Can children spread COVID-19?
Dr. Jacqueline Wong, pediatric infectious diseases specialist, McMaster Children’s Hospital
Hi, my name is Jacqueline Wong and I’m a pediatric infectious diseases specialist at Mcmaster Children’s Hospital.
If a child contracts COVID while at school, what are the chances that the child can spread it to someone else at home?
There have been a number of studies that looked at this question. Overall, the chances of transmitting the infection to another household member is just below 20 per cent, or 1 in 5.
What is reassuring from these studies, is it was uncommon for a child to be the first case in a household. We also know that children tend to have mild symptoms or none at all, which further reduces their ability to spread the infection to others.
The risk of transmitting the virus will vary depending on how many people live at home and how crowded the environment is.
If someone in the home is suspected of having COVID-19 or has new symptoms, they should isolate themselves as best as possible and take precautions. This includes caring for the child in a separate room and improving ventilation if possible, for example by opening windows, limiting contact with vulnerable household members like grandparents, wearing masks, and regularly cleaning and disinfecting high touch surfaces such as door handles and cell phones.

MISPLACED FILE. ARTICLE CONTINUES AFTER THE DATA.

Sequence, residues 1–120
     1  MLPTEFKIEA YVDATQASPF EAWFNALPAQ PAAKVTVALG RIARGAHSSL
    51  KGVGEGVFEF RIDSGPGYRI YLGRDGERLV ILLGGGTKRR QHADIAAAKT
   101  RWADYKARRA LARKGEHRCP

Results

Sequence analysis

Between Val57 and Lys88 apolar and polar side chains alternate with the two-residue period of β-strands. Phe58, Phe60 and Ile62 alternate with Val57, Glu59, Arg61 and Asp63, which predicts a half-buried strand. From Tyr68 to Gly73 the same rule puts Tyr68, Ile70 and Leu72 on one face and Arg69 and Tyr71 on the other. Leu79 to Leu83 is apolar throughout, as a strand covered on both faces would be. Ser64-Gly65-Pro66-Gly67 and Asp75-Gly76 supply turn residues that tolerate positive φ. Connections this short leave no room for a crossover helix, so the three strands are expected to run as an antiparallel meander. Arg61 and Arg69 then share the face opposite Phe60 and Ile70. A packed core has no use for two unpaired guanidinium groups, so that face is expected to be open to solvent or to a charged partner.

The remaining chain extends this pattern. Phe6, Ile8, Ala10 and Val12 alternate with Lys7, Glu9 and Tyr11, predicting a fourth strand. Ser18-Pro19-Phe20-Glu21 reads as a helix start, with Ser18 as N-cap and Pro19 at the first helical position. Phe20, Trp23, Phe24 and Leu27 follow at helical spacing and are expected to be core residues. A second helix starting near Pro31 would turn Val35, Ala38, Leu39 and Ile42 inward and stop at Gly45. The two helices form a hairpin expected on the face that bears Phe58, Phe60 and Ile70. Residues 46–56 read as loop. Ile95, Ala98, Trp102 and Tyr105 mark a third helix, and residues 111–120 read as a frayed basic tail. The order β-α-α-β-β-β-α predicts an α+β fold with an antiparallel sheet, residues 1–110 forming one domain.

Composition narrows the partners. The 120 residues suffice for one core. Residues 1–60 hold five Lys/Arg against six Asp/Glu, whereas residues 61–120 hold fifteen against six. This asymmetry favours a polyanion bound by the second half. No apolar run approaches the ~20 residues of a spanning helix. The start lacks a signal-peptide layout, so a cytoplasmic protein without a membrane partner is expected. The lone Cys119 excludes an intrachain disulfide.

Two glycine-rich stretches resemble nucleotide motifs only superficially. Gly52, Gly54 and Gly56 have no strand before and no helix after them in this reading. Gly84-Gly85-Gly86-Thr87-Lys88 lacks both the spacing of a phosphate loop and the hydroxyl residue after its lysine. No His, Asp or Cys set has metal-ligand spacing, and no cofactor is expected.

At this time, our COVID rates remain low which makes the likelihood of children acquiring COVID at school low as well.
Going to school is an extra exposure but by taking some extra precautions in the home for higher risk household members, we can further reduce the potential for household transmission.